Why Programming Languages need More HCI
I just posted a comment to Lambda the Ultimate trying to clarify some misunderstandings about user testing and HCI. Here is the original comment, and my reply is below.
I just created an account to reply to the above post. Just for background purposes, I teach human-computer interaction at Carnegie Mellon University, and am part of the School for Computer Science.
I believe the above poster is making a similar argument that Doug Engelbart made a long time back about the difference between tricycles and bicycles. More specifically, if ease of use was all that mattered, then we would all be riding tricycles.
However, I believe that the above post shows a common misunderstanding of the nature of user tests, and human-computer interaction more broadly. Specifically, HCI is not just about ease of use for "walk up and use" interfaces. We advocate that designers should understand the context of use, set appropriate goals, and measure that we are achieving those goals. Like security or performance, it is holistic and something that has to be intentionally designed in from the beginning, rather than slapped on at the end.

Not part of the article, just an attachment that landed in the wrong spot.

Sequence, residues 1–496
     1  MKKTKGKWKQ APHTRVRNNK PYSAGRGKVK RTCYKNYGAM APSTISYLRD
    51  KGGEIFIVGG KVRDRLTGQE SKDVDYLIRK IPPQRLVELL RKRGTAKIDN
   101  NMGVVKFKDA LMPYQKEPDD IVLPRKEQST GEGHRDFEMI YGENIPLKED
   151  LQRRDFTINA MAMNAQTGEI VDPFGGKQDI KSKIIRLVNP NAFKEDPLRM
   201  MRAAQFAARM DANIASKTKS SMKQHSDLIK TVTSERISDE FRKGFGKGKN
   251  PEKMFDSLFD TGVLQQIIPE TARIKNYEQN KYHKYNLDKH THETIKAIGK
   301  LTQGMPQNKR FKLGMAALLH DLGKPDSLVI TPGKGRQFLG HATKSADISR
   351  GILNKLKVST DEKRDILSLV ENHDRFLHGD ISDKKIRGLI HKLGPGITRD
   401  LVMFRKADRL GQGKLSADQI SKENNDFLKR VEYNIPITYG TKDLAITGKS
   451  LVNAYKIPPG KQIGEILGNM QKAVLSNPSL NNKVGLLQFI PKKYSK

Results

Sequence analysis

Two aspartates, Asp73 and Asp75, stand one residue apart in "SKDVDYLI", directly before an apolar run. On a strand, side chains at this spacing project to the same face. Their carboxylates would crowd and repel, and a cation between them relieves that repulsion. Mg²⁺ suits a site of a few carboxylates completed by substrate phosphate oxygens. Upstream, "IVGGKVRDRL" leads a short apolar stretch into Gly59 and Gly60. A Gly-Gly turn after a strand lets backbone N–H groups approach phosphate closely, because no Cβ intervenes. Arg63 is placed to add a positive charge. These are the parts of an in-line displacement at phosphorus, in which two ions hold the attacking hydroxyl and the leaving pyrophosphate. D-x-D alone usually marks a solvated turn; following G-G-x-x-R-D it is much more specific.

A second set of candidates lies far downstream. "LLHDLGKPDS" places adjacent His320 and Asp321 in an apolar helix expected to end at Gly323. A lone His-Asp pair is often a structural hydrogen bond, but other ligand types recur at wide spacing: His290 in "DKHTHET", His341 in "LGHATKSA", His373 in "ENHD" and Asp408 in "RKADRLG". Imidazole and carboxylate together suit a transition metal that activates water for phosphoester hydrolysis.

There have also been several studies looking at expert performance of user interfaces, spanning several weeks or months, to measure such things as learnability and overall performance. I believe these kinds of studies could address many of the concerns the above post makes.
Human-computer interaction can also provide new insights for programming languages. To give a concrete example, I will refer readers to the Natural Programming project at CMU, which is looking at how programmers (and non-programmers) already work and developing better tools to streamline those existing practices.
This project has led to better debugging tools (supporting "why" and "why not" questions, which turned out to be how every programmer studied phrased their debugging questions), a better understanding of what kinds of APIs are easier to use (it turns out, quite surprisingly, that objects with lots of constructors don't fare as well as those with simple ones), and better ways of validating that data is correct. Companion projects at other universities have also examined, for example, the role of gender and programming (finding that men tend to tinker a lot more when programming and debugging, which may suggest better ways of teaching computer science).
So, in a narrow sense, I would agree that user testing for ease of use is not enough, but I would also argue that human-computer interaction has *a lot* more to offer programming languages than may appear on first glance.